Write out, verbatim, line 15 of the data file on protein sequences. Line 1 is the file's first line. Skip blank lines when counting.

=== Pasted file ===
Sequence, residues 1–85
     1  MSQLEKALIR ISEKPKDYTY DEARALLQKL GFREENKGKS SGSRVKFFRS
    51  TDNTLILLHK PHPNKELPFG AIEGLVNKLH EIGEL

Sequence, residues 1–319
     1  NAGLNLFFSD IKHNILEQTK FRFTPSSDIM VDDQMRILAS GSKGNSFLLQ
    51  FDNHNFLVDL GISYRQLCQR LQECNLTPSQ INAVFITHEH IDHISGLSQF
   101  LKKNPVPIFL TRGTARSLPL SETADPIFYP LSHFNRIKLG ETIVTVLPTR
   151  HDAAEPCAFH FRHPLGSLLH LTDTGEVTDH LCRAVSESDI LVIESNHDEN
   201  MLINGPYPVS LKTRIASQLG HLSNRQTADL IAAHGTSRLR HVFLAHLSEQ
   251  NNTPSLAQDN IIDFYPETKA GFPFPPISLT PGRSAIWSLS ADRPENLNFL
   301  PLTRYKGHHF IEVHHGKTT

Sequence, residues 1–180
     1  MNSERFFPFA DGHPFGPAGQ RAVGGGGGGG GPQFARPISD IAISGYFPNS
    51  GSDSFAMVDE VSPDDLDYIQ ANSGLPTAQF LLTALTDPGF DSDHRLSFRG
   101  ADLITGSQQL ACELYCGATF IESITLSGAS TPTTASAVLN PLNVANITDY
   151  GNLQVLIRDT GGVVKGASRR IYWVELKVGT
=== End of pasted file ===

   101  ADLITGSQQL ACELYCGATF IESITLSGAS TPTTASAVLN PLNVANITDY